They amalgamate all the disparate information coming into a business from multiple sources, such as customer surveys, sales figures, social media, the web, and much more and can present this in clear, accessible, and easy to understand charts.
It can give banks a truly 360-degree customer view. Because of the complexity of the bank/customer relationship this can be extremely difficult using conventional tools. CRMs give banks all the information they need to be transparent and customer-focused. It operates as a single central hub creating a single source of truth and a repository for all customer interactions.
Banks can gather information from the first time they interact with a customer during the on-boarding process about their financial goals and requirements. This enables the bank to sell products and sell messages based around the tailored profile of each customer. It helps them provide information and services which enhance the customer experience.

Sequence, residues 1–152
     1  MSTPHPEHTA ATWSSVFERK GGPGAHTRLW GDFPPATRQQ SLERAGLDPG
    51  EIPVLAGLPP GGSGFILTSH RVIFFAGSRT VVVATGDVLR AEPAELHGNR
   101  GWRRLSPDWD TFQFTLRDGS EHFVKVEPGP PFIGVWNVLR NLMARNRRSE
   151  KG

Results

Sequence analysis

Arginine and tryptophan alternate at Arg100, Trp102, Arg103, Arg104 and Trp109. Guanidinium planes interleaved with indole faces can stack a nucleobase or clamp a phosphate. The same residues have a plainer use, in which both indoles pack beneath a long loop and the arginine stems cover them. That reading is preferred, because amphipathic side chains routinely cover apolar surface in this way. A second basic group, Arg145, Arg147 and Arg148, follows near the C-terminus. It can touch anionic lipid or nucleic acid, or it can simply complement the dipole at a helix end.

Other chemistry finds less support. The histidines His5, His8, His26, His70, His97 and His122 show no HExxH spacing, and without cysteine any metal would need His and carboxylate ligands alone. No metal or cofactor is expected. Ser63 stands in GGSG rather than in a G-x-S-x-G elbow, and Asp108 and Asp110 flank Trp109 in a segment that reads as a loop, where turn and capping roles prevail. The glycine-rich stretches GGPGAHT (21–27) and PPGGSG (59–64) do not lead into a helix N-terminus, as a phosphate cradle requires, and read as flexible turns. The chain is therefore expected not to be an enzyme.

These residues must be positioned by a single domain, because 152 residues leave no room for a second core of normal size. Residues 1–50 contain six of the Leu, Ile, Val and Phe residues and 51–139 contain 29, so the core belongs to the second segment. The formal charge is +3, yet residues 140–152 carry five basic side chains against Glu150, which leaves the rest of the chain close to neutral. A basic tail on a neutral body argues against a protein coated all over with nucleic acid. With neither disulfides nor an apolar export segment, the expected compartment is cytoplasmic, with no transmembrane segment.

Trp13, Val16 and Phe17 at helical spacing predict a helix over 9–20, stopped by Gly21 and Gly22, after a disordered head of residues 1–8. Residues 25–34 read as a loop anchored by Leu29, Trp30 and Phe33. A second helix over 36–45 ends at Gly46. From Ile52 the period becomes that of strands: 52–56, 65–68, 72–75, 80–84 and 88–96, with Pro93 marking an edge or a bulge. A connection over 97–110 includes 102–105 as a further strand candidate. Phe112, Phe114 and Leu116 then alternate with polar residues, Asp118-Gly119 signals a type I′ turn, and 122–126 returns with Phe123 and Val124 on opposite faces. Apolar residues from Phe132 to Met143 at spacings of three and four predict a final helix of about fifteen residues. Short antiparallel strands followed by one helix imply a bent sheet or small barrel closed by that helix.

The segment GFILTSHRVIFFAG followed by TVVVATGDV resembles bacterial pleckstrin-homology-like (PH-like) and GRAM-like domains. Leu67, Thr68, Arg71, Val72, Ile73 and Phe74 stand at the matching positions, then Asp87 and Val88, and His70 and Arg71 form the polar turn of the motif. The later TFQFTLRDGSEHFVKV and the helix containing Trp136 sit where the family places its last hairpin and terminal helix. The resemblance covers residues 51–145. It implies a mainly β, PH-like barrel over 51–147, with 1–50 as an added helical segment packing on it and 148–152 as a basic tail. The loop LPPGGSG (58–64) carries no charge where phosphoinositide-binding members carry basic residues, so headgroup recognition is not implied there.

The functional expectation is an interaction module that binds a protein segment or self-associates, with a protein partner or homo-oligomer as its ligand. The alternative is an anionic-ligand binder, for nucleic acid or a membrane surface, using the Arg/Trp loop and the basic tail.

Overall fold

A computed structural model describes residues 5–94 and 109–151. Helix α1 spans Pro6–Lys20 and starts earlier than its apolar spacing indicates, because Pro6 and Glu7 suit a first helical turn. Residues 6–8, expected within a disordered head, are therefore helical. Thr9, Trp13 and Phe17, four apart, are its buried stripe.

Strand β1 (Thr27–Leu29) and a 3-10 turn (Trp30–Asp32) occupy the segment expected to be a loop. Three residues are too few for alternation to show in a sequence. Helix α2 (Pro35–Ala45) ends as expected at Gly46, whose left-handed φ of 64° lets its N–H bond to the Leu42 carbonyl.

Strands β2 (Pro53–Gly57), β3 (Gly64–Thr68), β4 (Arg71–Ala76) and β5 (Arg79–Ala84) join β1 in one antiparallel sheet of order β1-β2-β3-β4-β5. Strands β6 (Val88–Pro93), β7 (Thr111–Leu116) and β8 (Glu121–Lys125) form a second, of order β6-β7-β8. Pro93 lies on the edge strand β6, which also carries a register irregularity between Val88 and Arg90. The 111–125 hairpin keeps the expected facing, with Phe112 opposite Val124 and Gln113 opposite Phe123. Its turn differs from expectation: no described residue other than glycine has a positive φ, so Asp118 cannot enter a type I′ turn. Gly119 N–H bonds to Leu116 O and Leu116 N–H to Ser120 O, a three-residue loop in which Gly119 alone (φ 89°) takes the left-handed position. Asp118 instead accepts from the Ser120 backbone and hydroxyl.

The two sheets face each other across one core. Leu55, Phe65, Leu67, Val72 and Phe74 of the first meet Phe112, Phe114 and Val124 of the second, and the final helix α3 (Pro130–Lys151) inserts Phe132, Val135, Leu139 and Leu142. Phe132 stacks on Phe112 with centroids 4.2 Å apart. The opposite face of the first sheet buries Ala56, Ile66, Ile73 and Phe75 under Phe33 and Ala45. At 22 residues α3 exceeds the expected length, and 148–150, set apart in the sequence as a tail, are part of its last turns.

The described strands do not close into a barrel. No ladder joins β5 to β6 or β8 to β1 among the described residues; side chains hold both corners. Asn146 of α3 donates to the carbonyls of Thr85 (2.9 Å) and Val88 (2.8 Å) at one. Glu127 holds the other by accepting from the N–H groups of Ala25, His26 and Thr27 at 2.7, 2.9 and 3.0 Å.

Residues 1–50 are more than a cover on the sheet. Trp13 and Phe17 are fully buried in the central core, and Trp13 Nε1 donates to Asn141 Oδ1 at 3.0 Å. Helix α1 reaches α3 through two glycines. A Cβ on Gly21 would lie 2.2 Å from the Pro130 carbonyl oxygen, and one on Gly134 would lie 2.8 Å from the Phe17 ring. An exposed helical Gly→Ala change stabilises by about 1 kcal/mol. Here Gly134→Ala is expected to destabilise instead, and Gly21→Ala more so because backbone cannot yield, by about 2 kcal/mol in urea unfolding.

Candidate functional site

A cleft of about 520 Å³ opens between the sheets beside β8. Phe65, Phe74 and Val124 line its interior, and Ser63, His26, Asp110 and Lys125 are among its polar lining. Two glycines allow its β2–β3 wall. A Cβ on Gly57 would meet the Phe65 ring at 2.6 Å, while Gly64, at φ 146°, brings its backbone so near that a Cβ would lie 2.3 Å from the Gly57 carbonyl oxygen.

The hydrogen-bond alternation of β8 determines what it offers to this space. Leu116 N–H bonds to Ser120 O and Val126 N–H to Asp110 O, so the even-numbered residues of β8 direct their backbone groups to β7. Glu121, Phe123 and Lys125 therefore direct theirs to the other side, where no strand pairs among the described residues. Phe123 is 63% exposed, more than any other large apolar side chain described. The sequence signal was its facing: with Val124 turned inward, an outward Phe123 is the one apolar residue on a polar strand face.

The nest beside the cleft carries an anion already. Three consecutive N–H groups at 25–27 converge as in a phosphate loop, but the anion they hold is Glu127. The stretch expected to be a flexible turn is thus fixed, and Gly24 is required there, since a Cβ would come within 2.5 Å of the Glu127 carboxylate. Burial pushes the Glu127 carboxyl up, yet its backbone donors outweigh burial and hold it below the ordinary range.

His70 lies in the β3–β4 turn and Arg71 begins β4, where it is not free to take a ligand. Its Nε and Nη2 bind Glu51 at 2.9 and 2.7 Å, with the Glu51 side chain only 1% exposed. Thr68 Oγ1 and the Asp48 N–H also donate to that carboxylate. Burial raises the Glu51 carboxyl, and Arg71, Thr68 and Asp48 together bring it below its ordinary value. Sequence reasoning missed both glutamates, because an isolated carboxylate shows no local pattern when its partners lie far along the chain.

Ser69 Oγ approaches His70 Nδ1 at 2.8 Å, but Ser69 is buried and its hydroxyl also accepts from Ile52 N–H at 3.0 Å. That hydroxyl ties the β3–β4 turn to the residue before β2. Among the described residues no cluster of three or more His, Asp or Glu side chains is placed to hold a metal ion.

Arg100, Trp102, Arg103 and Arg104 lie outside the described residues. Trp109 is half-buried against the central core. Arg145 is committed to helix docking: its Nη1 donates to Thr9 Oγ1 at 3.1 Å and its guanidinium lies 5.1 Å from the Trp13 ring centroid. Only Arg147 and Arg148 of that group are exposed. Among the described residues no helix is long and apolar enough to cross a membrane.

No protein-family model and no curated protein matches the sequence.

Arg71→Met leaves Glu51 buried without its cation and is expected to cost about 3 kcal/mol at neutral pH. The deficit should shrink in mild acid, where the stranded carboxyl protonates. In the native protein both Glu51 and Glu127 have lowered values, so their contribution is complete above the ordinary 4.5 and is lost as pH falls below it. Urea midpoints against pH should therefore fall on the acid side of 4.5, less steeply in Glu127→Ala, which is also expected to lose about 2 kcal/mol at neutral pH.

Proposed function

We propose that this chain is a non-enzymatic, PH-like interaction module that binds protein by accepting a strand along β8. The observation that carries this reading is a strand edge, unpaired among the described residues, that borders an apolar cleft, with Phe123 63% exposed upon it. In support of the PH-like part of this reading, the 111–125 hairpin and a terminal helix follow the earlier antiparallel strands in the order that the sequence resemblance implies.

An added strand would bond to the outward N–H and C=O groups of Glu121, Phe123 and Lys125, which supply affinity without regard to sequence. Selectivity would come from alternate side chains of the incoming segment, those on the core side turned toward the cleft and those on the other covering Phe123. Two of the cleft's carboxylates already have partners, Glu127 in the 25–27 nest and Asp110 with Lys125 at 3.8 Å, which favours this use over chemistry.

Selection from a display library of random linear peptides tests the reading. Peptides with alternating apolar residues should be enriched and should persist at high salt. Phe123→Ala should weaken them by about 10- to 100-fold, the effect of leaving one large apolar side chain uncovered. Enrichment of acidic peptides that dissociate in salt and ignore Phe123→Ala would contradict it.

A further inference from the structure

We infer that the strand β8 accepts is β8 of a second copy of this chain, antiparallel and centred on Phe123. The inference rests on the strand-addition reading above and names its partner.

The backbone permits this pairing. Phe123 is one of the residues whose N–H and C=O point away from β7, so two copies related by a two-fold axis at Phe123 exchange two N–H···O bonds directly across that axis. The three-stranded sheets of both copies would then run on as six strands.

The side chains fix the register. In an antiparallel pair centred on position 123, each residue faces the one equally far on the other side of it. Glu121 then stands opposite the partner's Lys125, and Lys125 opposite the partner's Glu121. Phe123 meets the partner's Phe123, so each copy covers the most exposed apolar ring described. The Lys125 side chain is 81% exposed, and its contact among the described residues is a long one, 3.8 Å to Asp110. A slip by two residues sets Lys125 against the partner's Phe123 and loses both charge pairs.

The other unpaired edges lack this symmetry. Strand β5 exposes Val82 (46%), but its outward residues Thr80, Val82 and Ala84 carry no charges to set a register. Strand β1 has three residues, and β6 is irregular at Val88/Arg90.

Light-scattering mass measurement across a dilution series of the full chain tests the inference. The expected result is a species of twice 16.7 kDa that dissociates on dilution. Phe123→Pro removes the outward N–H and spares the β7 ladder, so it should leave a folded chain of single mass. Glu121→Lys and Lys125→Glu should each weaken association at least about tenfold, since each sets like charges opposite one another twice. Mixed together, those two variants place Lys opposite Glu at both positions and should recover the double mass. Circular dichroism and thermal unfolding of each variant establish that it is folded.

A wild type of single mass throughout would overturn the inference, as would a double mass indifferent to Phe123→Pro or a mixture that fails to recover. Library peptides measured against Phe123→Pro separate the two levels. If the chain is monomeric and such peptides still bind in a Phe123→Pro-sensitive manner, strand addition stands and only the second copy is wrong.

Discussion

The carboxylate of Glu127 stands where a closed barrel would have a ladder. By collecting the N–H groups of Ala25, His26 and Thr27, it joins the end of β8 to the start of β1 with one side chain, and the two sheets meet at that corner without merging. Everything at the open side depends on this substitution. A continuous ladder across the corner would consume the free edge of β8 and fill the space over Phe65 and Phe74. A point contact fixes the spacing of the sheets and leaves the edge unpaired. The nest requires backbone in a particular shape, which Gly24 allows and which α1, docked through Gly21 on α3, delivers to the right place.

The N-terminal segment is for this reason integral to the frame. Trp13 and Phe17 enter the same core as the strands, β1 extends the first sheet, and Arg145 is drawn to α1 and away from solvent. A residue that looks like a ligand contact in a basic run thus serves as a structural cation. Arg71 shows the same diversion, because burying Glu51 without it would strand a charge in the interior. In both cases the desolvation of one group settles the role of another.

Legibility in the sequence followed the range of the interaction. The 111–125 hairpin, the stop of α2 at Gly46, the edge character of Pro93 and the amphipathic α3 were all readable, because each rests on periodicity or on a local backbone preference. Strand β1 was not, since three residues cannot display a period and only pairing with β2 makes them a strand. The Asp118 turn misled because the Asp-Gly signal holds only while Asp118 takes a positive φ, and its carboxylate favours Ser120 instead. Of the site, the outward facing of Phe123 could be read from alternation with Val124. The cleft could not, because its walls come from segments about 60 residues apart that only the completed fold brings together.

CRM is not only about capturing interactions but using this information to go above and beyond customer expectation.
Mobility, e-banking. and cross-selling
The rise of e-banking is having a profound impact on the relationship of the customer and the bank. A new interaction process has risen and the point of contact has changed. No longer is the banker to be found behind the counter: they will be in your phone, computer or tablet.
To maximise customer ROI, banks need to think of a new way to cross-sell. CRM tools enable banks to gather huge amounts of information about the customer and deliver a service tailored to their needs. The balance has changed. Traditional banking models were based around a suite of services which suit the bank. The future of retail banking will be one in which consumers receive a bespoke relationship with their bank with services and information tailored to their profile.